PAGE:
What I find missing is condemnation of terrorism from people whom the terrorists are supposedly fighting for: the people of the middle east. Ie, the KKK is an organization of white christian Americans. The people who you find protesting against the KKK are white christian Americans.
And, don't use concepts you obviously don't know what means, in this case "tautology".
Tautology: uselessly redundant. It is uselessly redundant to say someone who is against terrorism is against terrorism.
 
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  • #19
russ_watters
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Lisa! said:
And how isn't she afraid of her oppressor? And how can she get the nobel prize when she's oppressed all her life?
And do you know where she's living now and what she's doing now? Imean is she still alive?
I didn't say anything about whether she was afraid of her oppressor, nor did I say anything about her Nobel Prize. :confused: :confused: That has nothing to do with this conversation.
 
  • #20
Lisa!
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russ_watters said:
I didn't say anything about whether she was afraid of her oppressor, nor did I say anything about her Nobel Prize. :confused: :confused: That has nothing to do with this conversation.
:bugeye: For sure you didn't. But you always say Muslems are terrorist. And when arildno brings her as an exapmle of a muslems who doesn't live in US but she's condemned terrorism. You say it's not surprising if she opposes her oppressor.
So I say "why isn't she afraid of other Muslems and say whatever she wants freely?".Then you say women are oppressed in middle-east! It's a bit surprising that a woman who has been oppressed all her life, could get a Noble Prize. What you're saying is confusing!
Ok Let's forget about that. Suppose you're right about Muslems in Middle-east countries, now what shoul have been done about them?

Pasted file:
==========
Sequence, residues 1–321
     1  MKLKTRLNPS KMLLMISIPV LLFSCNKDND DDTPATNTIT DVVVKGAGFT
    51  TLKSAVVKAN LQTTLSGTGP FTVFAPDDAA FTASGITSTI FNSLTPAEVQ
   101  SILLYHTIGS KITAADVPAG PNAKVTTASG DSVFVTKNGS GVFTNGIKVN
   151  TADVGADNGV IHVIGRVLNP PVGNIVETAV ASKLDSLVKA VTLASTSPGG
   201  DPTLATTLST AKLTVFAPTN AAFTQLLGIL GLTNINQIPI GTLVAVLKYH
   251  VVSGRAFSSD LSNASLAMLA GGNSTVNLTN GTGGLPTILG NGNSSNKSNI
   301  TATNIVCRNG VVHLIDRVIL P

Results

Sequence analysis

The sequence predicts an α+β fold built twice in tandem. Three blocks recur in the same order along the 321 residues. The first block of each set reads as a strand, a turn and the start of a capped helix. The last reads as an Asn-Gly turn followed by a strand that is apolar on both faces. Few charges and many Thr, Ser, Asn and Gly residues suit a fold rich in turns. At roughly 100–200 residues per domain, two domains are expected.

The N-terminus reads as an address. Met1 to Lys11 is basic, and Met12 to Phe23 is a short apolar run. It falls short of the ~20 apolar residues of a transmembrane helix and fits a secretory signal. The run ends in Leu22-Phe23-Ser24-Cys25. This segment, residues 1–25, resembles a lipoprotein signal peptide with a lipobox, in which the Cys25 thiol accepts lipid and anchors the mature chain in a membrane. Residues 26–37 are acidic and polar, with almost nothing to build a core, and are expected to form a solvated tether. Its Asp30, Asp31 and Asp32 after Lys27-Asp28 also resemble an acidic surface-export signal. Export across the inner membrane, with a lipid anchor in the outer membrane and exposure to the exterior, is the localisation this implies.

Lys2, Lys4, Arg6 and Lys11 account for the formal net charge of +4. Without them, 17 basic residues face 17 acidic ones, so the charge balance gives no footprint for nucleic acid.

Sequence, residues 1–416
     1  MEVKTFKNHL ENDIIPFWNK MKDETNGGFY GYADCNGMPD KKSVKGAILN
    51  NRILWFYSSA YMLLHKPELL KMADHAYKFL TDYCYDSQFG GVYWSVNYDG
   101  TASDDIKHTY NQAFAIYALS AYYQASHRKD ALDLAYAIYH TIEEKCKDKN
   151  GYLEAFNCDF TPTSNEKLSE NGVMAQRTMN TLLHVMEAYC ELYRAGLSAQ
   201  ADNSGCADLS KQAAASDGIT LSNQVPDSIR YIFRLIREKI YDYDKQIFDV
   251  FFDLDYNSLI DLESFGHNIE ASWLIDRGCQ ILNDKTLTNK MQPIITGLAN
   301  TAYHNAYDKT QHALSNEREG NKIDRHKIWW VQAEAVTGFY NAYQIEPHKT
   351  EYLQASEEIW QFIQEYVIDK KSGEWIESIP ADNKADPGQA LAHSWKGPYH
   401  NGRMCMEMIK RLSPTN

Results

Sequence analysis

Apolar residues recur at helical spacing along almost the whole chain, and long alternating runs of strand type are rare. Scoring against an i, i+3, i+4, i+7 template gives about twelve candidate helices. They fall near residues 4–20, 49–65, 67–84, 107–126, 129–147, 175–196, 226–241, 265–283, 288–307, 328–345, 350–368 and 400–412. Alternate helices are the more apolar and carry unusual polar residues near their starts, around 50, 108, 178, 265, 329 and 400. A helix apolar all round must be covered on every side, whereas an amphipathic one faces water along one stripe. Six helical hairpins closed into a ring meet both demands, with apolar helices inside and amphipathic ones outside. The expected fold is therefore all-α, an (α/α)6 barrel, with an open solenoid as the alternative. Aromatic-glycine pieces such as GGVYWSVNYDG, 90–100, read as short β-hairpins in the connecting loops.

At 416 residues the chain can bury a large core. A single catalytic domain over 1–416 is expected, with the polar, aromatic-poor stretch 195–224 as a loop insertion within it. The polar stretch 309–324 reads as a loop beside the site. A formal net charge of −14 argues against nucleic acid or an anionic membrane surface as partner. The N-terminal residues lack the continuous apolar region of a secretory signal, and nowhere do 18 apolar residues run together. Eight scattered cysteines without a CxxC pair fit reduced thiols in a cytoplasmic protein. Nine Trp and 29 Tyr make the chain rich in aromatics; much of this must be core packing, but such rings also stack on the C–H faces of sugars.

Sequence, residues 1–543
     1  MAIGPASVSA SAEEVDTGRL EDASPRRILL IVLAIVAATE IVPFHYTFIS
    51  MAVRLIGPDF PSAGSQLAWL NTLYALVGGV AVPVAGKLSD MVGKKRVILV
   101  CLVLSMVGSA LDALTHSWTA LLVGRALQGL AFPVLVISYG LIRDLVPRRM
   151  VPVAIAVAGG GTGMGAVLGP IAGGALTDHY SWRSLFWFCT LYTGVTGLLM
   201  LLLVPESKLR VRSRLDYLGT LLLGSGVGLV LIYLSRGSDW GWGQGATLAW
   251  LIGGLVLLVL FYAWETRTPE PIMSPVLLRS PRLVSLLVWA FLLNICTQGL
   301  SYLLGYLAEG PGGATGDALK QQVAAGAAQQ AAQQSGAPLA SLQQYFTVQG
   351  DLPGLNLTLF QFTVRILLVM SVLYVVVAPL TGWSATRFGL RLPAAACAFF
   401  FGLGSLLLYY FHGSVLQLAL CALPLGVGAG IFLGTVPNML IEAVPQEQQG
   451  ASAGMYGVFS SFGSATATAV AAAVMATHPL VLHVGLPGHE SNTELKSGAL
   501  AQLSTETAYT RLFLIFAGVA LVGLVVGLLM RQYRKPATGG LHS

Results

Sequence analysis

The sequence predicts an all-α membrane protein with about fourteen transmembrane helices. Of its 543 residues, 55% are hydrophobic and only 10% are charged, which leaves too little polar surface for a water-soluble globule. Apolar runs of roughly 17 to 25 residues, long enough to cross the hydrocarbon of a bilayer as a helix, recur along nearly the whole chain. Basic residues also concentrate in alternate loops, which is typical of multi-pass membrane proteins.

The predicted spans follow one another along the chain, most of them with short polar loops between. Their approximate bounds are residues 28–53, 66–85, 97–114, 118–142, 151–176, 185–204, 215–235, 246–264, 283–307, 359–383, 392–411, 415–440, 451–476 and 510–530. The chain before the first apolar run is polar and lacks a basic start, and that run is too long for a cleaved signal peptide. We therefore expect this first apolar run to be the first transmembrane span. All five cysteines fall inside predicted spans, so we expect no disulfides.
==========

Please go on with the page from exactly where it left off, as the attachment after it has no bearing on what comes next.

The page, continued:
• #21
marlon
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Astronuc said:
more at CNN - http://edition.cnn.com/2005/US/07/28/american.muslims.ap/index.html?section=cnn_latest [Broken]

But then they have been saying this all along and the mainstream media has pretty much ignored it.

This is great. One of the best ways to eradicate terror is to make sure that respectable muslims condemn these kinds of actions. I am glad to see this

marlon
 
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  • #22
russ_watters
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Lisa! said:
But you always say Muslems are terrorist.
And some are. So, what, you made the jump to thinking I meant all Muslms? :rolleyes:

Perhaps you are misunderstanding me because you are making assumptions about my beliefs that are not true.
And when arildno brings her as an exapmle of a muslems who doesn't live in US but she's condemned terrorism. You say it's not surprising if she opposes her oppressor.
So I say "why isn't she afraid of other Muslems and say whatever she wants freely?".
You're really not making any sense. I said nothing about whether or not she was personally oppressed or is afraid - I don't know her personal history. But what does whether or not she is afraid have to do with the fact that there is no widespread condemnation of terrorism from muslims in the middle east?
Then you say women are oppressed in middle-east!
And they are. Why is that a revalation? Again, you're not making any sense.
It's a bit surprising that a woman who has been oppressed all her life, could get a Noble Prize.
On the contrary - that is precisely why she got the prize! She was oppressed and overcame/fought back and was recognized for her accomplishments. But again, that has nothing at all to do with the point of this thread.